Bereavement, serious illness or separation of a family can affect children and young people emotions. This can be displayed anger, and depression. They might even show aggression or be withdrawn. Physically they might suffer from a lack of sleep, have little or no appetite or they could possibly self harm. Older children or young people might cut themselves or something like drugs. Physiologically they might change behaviour this can include regressive behaviour, extrovert behaviour may be just uncooperative behaviour like slamming doors, staying out late or getting into trouble. Intellectual changes can include a lack of concentration, not joining in activities.
Moving into a new setting like changing schools, preschool to school, changing young groups or leaving care can be emotionally upsetting. Some children might be showing anxiousness at moving, sadness at moving and or loss of friends. This can change their behaviour younger children might show regression and clinginess. Children and young people might change behaviour and some might withdrawal other might show extroverted behaviour or illness. They might have a real illness or pretend so they don’t have to go. Older and younger children might have sleepless nights young children might have night mares, young people might be frightened of their future or where they might live. This can affect eating habits they might not have an appetite.
Moving home can be very stressful like moving settings children and young people can lose friends. They face the same emotional, psychical, physiological and intellectual affects as the moving settings but they also have the problem of a new county/country this can also affect them as they might be viewed as an outsider. Young people might self harm as they because of this.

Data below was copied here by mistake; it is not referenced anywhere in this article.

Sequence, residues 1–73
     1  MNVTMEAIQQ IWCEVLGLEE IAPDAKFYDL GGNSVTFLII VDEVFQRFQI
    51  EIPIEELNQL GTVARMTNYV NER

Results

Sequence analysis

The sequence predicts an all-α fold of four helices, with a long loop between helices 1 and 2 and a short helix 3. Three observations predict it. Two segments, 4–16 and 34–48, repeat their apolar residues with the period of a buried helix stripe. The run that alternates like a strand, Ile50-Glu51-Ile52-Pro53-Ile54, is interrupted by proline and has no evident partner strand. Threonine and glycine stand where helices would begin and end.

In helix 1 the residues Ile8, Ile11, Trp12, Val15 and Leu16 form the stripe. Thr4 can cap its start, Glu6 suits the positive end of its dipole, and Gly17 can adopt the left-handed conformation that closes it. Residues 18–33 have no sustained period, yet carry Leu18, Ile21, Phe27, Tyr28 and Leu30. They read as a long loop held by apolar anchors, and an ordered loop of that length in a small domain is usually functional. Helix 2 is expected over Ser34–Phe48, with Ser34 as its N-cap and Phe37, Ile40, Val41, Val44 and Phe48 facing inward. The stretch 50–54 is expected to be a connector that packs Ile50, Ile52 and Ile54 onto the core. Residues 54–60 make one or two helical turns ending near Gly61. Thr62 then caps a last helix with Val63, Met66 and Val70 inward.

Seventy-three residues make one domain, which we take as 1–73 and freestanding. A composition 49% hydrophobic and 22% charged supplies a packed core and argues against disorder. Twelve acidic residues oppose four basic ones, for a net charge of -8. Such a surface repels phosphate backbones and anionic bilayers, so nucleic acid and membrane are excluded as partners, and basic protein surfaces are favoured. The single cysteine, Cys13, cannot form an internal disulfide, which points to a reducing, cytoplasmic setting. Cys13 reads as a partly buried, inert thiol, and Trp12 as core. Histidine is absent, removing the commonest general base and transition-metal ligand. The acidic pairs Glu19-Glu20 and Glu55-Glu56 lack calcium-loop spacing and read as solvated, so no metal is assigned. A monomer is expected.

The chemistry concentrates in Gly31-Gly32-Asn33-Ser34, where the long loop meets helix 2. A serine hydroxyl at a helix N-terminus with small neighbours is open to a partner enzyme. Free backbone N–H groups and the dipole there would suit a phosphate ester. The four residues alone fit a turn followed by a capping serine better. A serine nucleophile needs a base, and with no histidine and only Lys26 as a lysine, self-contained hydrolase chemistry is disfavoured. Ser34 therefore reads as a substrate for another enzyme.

Puberty can affect children and young people emotionally hormones are pumped into the body causing mood swings. Teenagers become more self-conscious and can become aggressive and behavioural changes that can cause some teenagers to experiment with drug etc. Physically the body will have growth spurts and sexual maturity will be reached as the sexual organs fully develop their bodies will look more like adults than children’s.
Evaluate the effect on children and young people of having positive relationships during periods of transitions
All children and young people need strong attachments as the theorist Bowlby has explained. They need consistency, trust and a good bonding whether it is with their key worker, teacher etc having someone that they can trust will make transitions easier for the child. Children with positive relationships on transitions can have long term positive impacts of their ability to cope and be more resilient. They are likely to be more successful academically and socially they will feel cared for, valued and respected their learning development will continue instead of dip. They will feel more confident to explore and have self esteem and confidence so feeling more relaxed. Children will feel able to make new friendships. Young people might feel they need guidance and will not be afraid to ask for help even on sensitive subjects. If a child has good transitions early in life this will make it easier for transitions later in life.